Falklands’ oil explorer says deal with US company is “not politically motivated”
The Chief Executive of Falkland Oil and Gas Ltd, FOGL, has said that its farm out agreement with Texas based US firm Noble Energy is not “politically motivated”, according to a report by the Daily Telegraph.
On Monday it was announced that FOGL had reached an agreement with Noble Energy to search for oil south and east of the Falklands in an operation that could involve up to 230 million dollars in 10 million acres of exploration licences.
The move follows a subsidiary of French energy giant EDF also buying into FOGL licences earlier this year.
According to Daily Telegraph, analysts have said it is significant that Noble Energy has decided to invest in the Falklands, when the US administration has refused to endorse British sovereignty of the Falkland Islands.
Argentina which claims sovereignty over the Falklands/Malvinas has threatened to sue companies involved in oil exploration in what it considers Argentina’s continental shelf and has repeatedly notified stock markets in the US and Europe.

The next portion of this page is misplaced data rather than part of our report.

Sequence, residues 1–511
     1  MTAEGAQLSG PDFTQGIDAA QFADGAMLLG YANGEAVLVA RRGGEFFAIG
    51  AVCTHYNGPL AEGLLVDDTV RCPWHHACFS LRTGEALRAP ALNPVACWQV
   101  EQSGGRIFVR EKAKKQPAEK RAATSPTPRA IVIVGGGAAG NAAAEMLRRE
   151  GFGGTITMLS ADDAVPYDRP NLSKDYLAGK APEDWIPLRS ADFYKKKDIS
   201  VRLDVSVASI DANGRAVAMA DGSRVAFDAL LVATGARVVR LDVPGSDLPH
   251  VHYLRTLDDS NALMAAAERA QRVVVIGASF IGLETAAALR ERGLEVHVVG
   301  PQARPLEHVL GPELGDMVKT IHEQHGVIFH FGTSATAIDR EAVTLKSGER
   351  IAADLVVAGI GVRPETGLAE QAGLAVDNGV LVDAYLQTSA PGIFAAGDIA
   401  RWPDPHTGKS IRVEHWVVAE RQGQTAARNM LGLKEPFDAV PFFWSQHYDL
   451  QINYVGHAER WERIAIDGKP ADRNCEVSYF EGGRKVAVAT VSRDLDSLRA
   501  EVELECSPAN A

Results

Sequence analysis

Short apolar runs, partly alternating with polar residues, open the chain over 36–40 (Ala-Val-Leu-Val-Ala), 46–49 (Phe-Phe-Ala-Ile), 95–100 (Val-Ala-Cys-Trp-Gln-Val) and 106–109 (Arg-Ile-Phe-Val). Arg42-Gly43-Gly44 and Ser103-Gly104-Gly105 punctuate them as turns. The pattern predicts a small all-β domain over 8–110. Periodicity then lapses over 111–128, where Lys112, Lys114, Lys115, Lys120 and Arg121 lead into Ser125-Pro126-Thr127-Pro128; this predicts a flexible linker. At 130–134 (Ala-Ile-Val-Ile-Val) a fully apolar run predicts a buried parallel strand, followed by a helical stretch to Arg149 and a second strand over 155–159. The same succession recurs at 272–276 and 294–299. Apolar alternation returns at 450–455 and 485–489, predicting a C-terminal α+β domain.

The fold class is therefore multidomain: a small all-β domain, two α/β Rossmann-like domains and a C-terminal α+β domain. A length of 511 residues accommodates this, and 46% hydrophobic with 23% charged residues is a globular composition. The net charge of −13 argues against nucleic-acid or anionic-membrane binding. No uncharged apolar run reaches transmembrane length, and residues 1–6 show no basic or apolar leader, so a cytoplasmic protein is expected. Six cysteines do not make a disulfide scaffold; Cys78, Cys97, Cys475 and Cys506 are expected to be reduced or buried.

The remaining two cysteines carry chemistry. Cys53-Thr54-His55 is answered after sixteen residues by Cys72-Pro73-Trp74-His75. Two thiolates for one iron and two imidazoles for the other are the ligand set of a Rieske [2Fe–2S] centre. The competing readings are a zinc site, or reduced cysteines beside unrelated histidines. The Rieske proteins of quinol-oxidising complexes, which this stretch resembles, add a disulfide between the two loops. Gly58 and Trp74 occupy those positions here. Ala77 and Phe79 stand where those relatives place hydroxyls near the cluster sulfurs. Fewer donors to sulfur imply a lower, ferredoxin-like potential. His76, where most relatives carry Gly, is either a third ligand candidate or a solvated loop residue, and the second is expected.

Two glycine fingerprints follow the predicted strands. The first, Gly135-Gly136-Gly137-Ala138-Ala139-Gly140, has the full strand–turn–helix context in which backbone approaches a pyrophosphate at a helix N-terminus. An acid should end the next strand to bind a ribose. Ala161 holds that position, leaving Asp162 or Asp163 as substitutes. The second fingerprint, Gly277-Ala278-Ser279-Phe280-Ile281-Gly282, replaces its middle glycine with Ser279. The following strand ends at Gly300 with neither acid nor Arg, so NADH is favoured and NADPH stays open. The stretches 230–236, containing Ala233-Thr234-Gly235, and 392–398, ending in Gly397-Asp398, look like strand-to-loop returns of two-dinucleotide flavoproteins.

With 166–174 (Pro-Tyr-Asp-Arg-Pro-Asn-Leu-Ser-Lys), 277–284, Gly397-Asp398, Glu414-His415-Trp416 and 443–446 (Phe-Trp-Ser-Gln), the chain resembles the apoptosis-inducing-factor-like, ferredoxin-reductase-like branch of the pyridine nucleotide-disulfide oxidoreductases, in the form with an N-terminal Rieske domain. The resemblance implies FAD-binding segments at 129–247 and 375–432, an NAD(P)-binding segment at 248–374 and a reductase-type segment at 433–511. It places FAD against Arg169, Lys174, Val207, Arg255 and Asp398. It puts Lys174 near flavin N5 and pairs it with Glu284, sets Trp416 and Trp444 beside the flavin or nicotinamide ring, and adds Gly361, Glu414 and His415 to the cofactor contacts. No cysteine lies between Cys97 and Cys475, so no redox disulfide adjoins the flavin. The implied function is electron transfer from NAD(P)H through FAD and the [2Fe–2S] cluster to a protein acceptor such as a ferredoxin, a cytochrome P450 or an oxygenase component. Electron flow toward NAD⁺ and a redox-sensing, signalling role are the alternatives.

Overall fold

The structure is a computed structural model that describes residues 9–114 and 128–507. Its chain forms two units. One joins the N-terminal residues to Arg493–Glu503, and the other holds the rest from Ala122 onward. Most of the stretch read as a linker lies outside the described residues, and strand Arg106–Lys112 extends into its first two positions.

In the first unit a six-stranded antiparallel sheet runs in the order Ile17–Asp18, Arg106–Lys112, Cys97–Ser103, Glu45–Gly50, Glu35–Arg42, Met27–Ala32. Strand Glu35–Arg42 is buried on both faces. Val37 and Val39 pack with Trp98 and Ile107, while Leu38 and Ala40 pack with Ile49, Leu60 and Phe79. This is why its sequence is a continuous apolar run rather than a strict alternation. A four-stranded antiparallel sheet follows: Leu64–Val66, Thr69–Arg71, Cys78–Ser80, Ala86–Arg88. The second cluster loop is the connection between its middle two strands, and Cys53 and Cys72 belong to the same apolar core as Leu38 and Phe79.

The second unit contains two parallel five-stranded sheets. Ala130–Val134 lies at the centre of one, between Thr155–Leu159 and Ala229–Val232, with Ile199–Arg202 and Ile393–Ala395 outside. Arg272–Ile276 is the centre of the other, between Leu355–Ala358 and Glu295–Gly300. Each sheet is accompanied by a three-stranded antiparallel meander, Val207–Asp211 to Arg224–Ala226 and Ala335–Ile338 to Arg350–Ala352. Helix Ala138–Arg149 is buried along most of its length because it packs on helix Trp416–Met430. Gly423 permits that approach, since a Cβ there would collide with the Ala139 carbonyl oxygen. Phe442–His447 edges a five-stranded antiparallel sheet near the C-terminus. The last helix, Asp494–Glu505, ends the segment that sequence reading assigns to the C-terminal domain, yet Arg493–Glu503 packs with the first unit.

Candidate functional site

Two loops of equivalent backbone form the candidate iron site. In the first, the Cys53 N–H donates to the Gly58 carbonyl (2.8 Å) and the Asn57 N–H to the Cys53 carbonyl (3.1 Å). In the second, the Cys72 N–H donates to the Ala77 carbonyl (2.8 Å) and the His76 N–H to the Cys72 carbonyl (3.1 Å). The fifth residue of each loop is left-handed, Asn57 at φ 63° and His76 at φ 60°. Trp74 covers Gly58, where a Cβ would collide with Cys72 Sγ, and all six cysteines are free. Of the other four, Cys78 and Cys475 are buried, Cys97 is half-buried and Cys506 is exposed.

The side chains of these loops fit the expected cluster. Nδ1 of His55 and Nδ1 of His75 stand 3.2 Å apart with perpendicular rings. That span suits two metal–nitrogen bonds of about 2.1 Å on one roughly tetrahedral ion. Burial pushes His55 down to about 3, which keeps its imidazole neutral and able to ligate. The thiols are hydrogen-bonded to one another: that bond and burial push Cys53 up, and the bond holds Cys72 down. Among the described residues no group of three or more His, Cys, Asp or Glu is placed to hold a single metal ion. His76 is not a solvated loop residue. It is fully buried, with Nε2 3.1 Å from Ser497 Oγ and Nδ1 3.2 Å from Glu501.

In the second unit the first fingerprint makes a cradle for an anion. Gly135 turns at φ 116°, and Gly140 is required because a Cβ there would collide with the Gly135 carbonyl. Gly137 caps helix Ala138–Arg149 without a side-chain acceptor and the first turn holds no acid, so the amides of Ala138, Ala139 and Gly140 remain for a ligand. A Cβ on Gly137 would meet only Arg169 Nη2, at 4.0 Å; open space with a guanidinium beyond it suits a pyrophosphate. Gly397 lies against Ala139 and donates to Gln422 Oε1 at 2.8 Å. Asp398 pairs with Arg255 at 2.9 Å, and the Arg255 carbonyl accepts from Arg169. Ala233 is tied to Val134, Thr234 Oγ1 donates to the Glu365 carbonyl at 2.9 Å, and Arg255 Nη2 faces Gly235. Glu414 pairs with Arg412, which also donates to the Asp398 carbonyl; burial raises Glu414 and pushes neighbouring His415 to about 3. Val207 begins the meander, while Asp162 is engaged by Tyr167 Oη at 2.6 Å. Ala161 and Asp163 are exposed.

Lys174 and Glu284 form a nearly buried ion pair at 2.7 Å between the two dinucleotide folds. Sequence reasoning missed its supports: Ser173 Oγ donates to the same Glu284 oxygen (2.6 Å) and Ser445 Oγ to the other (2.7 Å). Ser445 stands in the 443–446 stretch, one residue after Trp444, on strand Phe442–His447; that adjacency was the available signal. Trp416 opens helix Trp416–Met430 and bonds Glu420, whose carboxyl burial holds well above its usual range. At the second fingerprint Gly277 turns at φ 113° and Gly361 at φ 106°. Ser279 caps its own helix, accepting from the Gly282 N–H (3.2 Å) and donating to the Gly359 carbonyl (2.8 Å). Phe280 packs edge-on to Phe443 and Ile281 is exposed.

Ian McLelland of Edison Investment Research said that some companies have avoided entering the Falklands because of its geographical location and in particular this would affect companies with direct exposure to Latin America but potentially also those with more general investment in the Americas.
But McLelland said that the fact that a US company like Noble is entering the region is therefore of significance.
FOGL chief executive Tim Bushell pointed out that its choice of Noble had not been “politically motivated”, but added he thought any US company looking to invest anywhere new in the world would first seek advice from the US State Department.
The Daily Telegraph said that neither Noble nor the US State Department commented on the “political” issue, but Noble said that “after careful study” it believed the region was “very consistent” with its strategy
In the FOGL release Monday 6 August CEO of Noble Energy Charles D. Davidson is quoted stating that “after careful study, we believe this region is very consistent with our new ventures exploration strategy of entering regions that provide prospects that are not only material in size, but also where initial success can de-risk subsequent opportunities. In this particular case we have already identified numerous oil leads on 2D data with an un-risked gross resource potential exceeding 6 billion barrels of oil”.
The Obama administration maintains a position of “neutrality”, saying it recognizes the “de facto UK administration” but takes no position on sovereignty claims.